Central to Kummala’s concerns when designing and building a ship is to ensure its adherence to the qualities that make it a Carnival cruise liner. While their vessels offer similar details to other ships in their same segment (luxury, exploration, etc.), Kummala’s team coordinates closely with the operations and housekeeping side of the company to optimize the daily life of the ship’s 24/7 operational processes. “There is no point in designing something that looks beautiful when new but can be ruined in a very short time because it can’t be cleaned, can be easily damaged, or is otherwise unsustainable in a cruise ship environment,” he notes. Carnival’s onboard and operational teams provide vital expertise in this area; his design team constantly communicates with them to find a balance between operational preferences and the practicalities of long-term maintenance.
“A job like this is certainly not a one-man job,” Kummala adds. “I’m fortunate to have really great people to work with, from the design side but also from the project side; our entire new-build team is top-notch—no doubt about that. It takes many of us to ensure we get things right.”
One of the ways in which Kummala makes certain that his ideas come to fruition is by the use of augmented reality software from Sim.Co.VR, which allows for streamlined communication during construction, and also can be used to provide immersive experiences for passengers while onboard. “It is a pleasure to work with Petu given his professionalism and innovative vision,” says Massimo Colautti, the CEO and owner of Sim.Co.VR. “Our long-time, winning collaboration that combines Petu’s peculiar design with Sim.Co.VR’s unique services and rendering makes the dream of a cruise ship come true.”
The two newest additions to the Carnival fleet, Carnival Horizon and Carnival Panorama, have been a real test of Kummala’s approach to cruise ship design. Carnival Horizon was launched earlier this year, with her sister ship, Carnival Panorama, set for launch in late 2019. Kummala is particularly proud of these creations: of Carnival Horizon, he says, “She’s a beautiful lady, and we have heard great things from our guests!” Carnival Panorama, meanwhile, will sport several new features, including an indoor trampoline park with a challenge area done in partnership with Sky Zone, which features a blacklight for nighttime glow parties.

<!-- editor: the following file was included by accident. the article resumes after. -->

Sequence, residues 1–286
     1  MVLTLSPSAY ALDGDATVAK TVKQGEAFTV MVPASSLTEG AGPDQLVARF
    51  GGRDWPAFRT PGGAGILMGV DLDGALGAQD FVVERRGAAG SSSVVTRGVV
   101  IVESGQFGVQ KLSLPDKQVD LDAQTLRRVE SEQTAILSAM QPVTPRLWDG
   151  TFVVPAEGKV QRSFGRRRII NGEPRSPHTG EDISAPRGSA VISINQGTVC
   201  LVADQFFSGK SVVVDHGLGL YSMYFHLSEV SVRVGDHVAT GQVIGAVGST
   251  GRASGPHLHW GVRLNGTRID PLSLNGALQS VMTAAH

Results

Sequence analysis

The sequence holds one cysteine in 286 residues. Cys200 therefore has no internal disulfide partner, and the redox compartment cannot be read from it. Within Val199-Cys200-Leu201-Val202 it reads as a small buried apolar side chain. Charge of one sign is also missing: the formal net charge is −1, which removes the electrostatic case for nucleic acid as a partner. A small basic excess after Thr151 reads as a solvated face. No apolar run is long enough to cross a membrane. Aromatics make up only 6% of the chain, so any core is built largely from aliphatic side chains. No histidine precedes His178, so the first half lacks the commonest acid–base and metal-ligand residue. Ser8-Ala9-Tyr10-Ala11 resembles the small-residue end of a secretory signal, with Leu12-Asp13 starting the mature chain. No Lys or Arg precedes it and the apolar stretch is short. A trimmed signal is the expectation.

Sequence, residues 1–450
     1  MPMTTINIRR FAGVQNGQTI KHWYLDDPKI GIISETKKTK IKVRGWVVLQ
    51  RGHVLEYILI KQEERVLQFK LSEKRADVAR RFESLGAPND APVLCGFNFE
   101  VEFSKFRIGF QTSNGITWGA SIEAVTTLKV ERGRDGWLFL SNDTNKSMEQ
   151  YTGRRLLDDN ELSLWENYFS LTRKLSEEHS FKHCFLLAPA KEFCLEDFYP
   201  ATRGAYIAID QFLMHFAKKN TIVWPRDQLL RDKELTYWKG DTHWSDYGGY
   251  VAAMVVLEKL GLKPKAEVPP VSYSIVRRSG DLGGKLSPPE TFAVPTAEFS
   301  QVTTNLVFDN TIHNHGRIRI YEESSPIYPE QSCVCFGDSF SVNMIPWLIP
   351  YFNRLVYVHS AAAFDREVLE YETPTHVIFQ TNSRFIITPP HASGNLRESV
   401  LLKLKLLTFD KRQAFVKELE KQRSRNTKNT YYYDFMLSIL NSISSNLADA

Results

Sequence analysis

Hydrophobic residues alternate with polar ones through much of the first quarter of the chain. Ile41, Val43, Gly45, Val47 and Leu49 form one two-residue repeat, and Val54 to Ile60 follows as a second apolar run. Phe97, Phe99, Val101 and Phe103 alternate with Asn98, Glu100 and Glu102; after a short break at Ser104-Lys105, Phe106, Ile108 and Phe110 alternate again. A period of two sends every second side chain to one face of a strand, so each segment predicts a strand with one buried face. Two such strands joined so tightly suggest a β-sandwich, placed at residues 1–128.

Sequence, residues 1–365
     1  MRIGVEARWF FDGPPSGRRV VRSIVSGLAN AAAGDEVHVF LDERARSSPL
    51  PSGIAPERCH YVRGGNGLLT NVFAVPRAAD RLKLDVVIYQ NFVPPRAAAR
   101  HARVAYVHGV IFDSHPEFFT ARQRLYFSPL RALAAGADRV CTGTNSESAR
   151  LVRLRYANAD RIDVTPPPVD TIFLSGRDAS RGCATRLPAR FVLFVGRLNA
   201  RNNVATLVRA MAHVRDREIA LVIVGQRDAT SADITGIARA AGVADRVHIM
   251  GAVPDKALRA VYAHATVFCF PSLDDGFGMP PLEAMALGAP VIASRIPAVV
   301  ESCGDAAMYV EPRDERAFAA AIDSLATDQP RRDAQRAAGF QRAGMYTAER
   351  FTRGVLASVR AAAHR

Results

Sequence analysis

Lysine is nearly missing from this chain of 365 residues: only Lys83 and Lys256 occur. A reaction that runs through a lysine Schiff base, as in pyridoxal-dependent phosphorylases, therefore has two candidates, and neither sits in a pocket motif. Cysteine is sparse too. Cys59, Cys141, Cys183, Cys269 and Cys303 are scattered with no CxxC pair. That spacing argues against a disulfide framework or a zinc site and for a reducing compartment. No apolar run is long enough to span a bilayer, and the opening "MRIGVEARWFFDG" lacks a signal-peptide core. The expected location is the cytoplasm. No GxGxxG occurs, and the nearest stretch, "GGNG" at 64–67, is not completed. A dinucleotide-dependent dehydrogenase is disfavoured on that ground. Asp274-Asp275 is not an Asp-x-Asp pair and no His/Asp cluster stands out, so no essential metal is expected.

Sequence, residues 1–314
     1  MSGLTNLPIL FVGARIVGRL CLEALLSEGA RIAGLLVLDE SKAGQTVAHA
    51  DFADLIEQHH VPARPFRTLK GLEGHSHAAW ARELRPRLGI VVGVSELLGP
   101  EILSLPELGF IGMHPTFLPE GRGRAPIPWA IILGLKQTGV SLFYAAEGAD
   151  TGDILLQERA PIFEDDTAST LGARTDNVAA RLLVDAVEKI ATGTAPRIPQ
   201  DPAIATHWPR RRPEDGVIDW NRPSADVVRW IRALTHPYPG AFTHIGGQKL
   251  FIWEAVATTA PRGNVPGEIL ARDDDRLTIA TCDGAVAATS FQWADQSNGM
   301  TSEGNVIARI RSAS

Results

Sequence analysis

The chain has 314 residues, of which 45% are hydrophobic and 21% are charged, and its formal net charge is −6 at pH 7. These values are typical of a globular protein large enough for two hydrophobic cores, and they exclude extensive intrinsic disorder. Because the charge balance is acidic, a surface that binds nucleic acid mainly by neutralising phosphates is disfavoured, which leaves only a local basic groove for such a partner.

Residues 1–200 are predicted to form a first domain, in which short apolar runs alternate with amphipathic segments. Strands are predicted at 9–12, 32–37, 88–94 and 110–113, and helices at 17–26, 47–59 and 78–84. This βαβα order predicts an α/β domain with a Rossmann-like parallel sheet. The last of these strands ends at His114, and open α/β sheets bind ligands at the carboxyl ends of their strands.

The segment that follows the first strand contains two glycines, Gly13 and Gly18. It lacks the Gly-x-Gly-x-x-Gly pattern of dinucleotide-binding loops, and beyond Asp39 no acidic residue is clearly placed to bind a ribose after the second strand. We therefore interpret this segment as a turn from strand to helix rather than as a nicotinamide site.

However, Kummala’s latest challenge has been the design of the XL Project, a new class of ships that is currently in the prototype vessel phase. The first ship on the roster, Mardi Gras, will be setting sail in 2020, which takes its namesake from the first of Carnival’s liners which made waves for the popularity of cruises, back in 1972. “We started from scratch with a complete design process, creating the overall layouts, designs and concepts for the complete vessel,” he explains of the project. From there, his team is still working with the structural engineers to overcome the challenges the XL’s 180,000-ton design (the biggest in the fleet) will present.
While he can’t disclose many more details about the project apart from its name and size, Kummala is excited to show customers the end result. “I can’t wait!” he says, also revealing that one of the major new innovations will be an on-board roller-coaster, which is a first for the industry.
Through his work on the Carnival Cruise Line’s fleet, Kummala’s primary concern is to approach his designs from the perspective of the visitor. “One philosophy I embrace is to have designs that give guests something to discover even during the last day of their vacation,” he says. “When you create something they love and remember, they keep coming back.”
Naval Interior is an ever-expanding entity, founded in the heart of the Mediterranean with the ability to take on large projects globally in the cruise ship building sector; delivering outstanding interiors with a turnkey service. They have over 60 successfully delivered projects as proof of their high-quality standards and professionalism.